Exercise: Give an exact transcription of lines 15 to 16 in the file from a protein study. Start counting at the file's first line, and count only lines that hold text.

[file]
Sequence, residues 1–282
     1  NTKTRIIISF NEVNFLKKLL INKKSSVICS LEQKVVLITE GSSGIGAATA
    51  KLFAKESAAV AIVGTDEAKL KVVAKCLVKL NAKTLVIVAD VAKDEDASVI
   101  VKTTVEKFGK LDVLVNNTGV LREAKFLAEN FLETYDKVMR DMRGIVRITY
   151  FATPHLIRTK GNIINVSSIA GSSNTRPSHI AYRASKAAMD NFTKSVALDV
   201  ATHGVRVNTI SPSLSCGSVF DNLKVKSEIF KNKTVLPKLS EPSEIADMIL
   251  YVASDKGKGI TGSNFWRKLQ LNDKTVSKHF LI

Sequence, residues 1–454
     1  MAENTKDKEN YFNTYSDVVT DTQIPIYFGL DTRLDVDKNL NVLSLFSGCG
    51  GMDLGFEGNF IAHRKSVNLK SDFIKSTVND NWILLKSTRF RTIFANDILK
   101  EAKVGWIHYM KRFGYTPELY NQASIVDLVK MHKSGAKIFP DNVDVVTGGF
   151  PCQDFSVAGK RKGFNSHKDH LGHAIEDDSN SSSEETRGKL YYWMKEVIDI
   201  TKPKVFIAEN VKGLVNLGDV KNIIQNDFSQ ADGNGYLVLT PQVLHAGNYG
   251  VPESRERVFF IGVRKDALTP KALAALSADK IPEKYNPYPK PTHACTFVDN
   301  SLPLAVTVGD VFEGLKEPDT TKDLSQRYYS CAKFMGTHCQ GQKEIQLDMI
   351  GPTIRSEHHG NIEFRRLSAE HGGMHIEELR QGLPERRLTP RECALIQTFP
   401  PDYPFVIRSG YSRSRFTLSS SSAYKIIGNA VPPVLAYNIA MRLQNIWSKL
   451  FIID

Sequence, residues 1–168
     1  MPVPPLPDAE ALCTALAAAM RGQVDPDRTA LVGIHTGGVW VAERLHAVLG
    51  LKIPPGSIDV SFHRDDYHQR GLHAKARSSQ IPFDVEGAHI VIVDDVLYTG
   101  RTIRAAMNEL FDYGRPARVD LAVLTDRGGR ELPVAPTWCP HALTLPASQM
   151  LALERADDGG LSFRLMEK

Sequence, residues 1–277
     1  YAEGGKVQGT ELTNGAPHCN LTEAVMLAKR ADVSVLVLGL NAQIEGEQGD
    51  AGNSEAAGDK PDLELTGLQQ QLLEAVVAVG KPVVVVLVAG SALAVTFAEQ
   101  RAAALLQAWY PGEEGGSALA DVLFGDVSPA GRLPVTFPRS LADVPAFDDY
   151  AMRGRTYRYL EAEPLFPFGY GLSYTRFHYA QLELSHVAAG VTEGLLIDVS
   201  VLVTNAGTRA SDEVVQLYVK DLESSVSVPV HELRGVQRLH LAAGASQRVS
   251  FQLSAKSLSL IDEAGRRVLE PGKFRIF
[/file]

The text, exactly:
   301  SLPLAVTVGD VFEGLKEPDT TKDLSQRYYS CAKFMGTHCQ GQKEIQLDMI
   351  GPTIRSEHHG NIEFRRLSAE HGGMHIEELR QGLPERRLTP RECALIQTFP